Shipping costs were cut by 40 percent when a more efficient way was found to pack and move small shipments of apparel and accessories from China to retailers in U.S. and Canada.
Wholesalers and retailers are moving out of the large distribution center processing world to a leaner and quicker process that calls for drop shipment to destination. The beauty is that suppliers can move product more quickly from origin to final destination, but there is a cost. To achieve speed to market, suppliers must use small-package carriers that are more efficient at moving individual packages as opposed to LTL or truckload carriers. SGI Apparel knows the challenge well. Among its brands are items with the Harley-Davidson logo, which are sold through Harley-Davidson stores and other retailers.
Until it totally transformed its packing and shipping process, many of its shipments, from factories in China to North American-based outlets, perfectly illustrated waste in materials and money. All too often, it was the norm for retailers to receive multiple shipments that should have been consolidated.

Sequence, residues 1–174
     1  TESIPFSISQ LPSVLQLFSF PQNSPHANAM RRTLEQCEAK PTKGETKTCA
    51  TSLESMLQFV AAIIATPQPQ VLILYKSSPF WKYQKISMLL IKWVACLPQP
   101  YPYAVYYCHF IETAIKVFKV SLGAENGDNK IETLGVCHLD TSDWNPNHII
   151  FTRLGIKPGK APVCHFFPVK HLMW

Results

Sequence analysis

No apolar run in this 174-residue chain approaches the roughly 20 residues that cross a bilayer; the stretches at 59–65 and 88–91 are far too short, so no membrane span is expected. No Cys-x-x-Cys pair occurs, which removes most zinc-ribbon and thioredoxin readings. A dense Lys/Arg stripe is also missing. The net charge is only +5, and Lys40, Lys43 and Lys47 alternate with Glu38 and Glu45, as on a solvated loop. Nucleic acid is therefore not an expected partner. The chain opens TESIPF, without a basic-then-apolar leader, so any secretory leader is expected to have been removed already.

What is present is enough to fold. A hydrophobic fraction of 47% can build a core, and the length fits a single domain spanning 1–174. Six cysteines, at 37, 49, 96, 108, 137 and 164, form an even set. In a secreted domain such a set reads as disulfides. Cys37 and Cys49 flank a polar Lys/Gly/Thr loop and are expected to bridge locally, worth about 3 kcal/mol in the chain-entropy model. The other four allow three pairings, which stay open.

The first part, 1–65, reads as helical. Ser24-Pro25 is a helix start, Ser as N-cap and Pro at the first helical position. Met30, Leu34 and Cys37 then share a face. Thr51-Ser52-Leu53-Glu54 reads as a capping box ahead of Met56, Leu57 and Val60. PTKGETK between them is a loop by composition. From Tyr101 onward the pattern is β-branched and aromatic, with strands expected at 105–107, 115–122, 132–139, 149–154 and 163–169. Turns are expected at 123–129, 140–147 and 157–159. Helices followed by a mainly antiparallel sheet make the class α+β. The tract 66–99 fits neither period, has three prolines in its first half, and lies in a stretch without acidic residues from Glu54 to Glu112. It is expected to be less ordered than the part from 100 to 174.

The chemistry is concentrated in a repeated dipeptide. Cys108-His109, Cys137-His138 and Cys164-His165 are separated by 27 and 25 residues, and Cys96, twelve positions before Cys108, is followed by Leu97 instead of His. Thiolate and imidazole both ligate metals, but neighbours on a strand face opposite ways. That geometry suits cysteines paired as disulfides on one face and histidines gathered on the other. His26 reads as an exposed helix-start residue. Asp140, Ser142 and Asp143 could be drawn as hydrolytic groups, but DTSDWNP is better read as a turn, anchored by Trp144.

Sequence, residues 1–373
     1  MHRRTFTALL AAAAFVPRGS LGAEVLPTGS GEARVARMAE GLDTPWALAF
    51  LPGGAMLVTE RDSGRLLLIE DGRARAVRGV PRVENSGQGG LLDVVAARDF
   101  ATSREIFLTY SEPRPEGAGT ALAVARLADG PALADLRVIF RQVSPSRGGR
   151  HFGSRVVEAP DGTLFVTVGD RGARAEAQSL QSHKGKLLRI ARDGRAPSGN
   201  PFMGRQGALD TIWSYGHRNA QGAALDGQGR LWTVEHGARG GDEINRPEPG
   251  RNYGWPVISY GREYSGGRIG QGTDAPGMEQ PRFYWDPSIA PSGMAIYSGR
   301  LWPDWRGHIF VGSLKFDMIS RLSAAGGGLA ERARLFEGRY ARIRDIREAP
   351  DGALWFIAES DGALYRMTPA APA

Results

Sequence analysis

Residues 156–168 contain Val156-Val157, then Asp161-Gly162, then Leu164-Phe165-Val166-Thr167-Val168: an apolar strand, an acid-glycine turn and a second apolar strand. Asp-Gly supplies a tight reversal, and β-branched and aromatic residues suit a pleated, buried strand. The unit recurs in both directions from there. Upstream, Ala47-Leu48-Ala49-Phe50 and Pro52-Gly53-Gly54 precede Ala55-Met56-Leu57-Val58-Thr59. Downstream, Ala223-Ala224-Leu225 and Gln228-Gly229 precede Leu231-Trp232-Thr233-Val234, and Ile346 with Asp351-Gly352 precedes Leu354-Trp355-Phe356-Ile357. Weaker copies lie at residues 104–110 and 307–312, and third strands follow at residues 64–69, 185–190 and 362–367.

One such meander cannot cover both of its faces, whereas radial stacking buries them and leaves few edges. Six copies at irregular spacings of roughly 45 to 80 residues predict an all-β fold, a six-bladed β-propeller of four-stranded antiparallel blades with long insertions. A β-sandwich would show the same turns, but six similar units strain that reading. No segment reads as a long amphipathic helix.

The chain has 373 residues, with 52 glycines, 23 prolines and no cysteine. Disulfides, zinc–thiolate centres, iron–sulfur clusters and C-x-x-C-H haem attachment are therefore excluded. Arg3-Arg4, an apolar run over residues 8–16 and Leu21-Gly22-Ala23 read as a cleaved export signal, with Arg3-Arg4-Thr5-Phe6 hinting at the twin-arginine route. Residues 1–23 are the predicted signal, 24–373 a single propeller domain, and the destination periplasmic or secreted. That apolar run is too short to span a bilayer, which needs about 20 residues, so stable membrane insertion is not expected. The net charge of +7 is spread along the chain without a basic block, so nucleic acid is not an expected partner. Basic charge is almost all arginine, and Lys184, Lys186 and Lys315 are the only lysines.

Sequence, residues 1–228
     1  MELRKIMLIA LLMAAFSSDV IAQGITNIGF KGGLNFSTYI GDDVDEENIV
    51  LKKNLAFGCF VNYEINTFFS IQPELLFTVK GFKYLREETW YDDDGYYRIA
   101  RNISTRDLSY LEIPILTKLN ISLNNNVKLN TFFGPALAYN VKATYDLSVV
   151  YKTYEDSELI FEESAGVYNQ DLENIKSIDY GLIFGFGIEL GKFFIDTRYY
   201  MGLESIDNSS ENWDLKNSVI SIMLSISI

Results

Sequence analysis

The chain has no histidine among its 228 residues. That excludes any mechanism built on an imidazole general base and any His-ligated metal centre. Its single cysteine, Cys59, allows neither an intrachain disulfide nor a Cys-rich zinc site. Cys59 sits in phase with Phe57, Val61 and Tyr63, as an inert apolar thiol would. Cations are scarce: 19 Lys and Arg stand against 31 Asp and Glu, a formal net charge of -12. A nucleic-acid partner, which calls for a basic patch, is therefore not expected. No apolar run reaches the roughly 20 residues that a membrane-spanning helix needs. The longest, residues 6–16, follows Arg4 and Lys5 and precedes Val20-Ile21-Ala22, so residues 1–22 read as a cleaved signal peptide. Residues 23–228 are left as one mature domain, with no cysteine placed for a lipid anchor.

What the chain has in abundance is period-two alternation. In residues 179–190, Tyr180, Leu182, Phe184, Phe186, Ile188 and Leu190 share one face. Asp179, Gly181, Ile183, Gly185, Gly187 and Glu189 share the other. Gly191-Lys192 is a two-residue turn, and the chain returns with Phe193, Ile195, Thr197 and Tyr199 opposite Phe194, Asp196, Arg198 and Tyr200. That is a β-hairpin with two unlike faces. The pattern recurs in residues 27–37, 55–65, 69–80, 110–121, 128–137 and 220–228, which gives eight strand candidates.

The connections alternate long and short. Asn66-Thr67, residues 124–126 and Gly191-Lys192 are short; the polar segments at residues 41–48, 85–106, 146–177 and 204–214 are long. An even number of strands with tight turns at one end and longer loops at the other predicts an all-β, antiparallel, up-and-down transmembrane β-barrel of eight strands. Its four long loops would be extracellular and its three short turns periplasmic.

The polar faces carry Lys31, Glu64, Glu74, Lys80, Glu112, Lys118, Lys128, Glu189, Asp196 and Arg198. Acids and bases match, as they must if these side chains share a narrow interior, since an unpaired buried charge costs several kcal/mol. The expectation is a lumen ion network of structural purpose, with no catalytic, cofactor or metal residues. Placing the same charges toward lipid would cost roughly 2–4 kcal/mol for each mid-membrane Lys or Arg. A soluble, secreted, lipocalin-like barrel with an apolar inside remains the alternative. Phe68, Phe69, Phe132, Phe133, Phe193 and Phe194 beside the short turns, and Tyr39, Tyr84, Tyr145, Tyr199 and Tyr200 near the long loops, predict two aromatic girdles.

Opportunity was contained in that problem, in the view of Charlie Kantz, vice president of logistics and warehousing with Bakers Footwear Group, a division of SGI, which provides the merchandise to more 360 Harley-Davidson stores and other retailers. Shipments ranging from pizza-box size to larger arrived frequently, often daily. Stores with small staffs and ever-shrinking back rooms had difficulty unpacking and displaying the goods. Kantz: "Retailers just love getting deliveries like this!"
The solution was to initiate a drop-ship program with the Harley-Davidson stores across the U.S. As set up, the program called for stores to place orders with SGI, which would be labeled in China, brought into the States and then shipped directly to the stores via small-package carrier. This process allowed SGI to bypass its U.S. distribution center and utilize lower-cost labor in China.